A list of marvellous projects which human beings have undertaken that took an exceptionally long time. Many examples contributed by people on Twitter.

The focus is mostly on goal-directed projects (e.g., a scientific experiment or a building), less on long-lived institutions or decentralized change (e.g., languages, domestication of livestock, cities, religions). Of course, those are also fascinating, but they have less of a sense of a long-term goal. Jericho is incredible, but the founders probably weren’t thinking “I hope this is still here in 9,000 years”.

What problems can human beings only solve over a very long period of time? And how can we build institutions that solve those problems?

Related: of the projects below, which required a long time, and which could have been greatly accelerated?

This page is a riff on Patrick Collison’s list of /fast projects. There are surprisingly many commonalities with those projects.

  • The proof of Fermat’s Last Theorem involved an incredible amount of mathematics developed over many decades, and in some ways centuries: wikipedia.

  • Many Cathedrals were built over more than a century. An example is Notre Dame, over 1163-1345. There are, of course, many more.

  • An ongoing example is the Sagrada Familia, begun in 1882, and continuing today.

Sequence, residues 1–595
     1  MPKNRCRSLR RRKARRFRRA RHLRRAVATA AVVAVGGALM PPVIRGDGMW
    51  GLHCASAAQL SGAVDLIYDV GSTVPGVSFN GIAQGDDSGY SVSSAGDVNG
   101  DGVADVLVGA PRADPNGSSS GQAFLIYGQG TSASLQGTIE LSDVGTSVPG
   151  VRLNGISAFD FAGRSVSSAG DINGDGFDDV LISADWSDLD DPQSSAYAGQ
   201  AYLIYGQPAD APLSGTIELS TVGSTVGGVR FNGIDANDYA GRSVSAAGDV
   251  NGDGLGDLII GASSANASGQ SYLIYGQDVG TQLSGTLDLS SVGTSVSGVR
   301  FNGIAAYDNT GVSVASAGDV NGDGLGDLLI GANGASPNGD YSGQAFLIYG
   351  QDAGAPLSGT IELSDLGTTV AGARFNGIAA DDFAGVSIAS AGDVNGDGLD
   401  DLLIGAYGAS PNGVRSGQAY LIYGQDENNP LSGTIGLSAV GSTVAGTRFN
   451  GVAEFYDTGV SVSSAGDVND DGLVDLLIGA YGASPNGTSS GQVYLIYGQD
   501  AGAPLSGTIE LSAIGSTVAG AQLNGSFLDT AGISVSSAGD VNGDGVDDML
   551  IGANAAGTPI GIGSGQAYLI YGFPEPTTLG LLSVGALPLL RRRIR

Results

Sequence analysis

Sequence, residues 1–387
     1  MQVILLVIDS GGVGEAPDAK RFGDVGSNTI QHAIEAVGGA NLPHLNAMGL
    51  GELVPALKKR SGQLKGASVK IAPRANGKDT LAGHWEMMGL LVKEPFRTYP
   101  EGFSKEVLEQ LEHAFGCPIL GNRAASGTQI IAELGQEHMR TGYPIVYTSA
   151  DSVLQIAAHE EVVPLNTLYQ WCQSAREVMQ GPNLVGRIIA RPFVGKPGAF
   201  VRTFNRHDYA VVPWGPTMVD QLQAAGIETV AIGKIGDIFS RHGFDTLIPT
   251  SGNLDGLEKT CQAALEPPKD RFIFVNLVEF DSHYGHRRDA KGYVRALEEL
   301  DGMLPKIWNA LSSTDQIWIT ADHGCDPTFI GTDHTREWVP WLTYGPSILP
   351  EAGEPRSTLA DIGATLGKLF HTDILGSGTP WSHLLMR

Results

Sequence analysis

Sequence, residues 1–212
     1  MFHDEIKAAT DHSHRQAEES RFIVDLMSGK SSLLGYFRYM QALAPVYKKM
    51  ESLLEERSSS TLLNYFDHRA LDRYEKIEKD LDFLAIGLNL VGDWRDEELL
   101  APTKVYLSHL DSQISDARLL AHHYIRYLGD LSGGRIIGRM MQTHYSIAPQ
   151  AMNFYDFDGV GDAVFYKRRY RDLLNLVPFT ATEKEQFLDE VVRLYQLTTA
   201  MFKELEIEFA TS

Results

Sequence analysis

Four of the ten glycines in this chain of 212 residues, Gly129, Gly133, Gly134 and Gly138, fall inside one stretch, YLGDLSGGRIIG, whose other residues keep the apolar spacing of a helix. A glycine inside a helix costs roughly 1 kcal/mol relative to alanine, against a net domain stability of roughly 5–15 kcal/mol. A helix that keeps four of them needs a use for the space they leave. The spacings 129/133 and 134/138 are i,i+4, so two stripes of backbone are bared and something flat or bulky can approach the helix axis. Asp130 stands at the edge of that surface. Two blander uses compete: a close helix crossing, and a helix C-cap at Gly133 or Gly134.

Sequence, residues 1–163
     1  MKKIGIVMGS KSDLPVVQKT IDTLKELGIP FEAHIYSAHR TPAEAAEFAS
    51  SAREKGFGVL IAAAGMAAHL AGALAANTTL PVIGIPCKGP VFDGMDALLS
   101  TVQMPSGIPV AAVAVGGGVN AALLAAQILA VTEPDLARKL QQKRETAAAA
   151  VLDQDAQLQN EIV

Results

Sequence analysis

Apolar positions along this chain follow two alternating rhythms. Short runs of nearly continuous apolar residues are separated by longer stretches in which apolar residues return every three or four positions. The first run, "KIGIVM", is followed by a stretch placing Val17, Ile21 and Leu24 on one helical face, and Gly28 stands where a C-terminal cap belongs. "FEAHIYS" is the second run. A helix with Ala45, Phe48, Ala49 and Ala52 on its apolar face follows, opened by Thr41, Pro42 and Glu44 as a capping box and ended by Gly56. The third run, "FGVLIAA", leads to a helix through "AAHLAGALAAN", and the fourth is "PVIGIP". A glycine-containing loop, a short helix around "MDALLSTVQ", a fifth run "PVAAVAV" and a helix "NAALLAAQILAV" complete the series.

• The Cape Grim Air Archive, which has been archiving air since 1978, so later researchers can conduct longitudinal studies.

  • The Framingham Heart Study, a longitudinal study of the heart.

  • The Central England Temperature series, from 1659 to the present.

  • The E. coli long-term evolution experiment, from 1988 to the present.

  • The pitch drop experiment from 1927 to the present.

  • The Clock of the Long Now, which aspires to last 10,000 years.

  • I suspect many key open source systems (Linux, Wikipedia) will still be around in 100 years. I won’t be surprised if certain standards still show up in a thousand years, perhaps in a modified form. ASCII -> Unicode -> ??? Unix Time? TCP/IP?

  • The 2nd Ave Subway in Manhattan, with preparatory construction beginning in 1942. First phase opened in 2017.

  • The list of oldest companies in the world is food for thought. Sad to report the 2006 demise of Kongo Gumi, which began in 578. It was in the construction business, originally of Shinto Shrines (I believe). Such Shrines undergo a continuous process of renewal; an example is the Izumo-taisha, which may date to BCE.